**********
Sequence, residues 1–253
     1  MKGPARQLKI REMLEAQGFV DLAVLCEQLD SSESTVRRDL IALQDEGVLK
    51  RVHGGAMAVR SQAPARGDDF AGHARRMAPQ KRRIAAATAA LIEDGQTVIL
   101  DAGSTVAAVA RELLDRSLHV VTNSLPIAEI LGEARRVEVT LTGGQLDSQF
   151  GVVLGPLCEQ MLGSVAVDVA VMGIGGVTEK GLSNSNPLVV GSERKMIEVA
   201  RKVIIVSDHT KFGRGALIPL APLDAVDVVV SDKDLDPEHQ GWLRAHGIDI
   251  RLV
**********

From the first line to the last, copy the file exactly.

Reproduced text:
Sequence, residues 1–253
     1  MKGPARQLKI REMLEAQGFV DLAVLCEQLD SSESTVRRDL IALQDEGVLK
    51  RVHGGAMAVR SQAPARGDDF AGHARRMAPQ KRRIAAATAA LIEDGQTVIL
   101  DAGSTVAAVA RELLDRSLHV VTNSLPIAEI LGEARRVEVT LTGGQLDSQF
   151  GVVLGPLCEQ MLGSVAVDVA VMGIGGVTEK GLSNSNPLVV GSERKMIEVA
   201  RKVIIVSDHT KFGRGALIPL APLDAVDVVV SDKDLDPEHQ GWLRAHGIDI
   251  RLV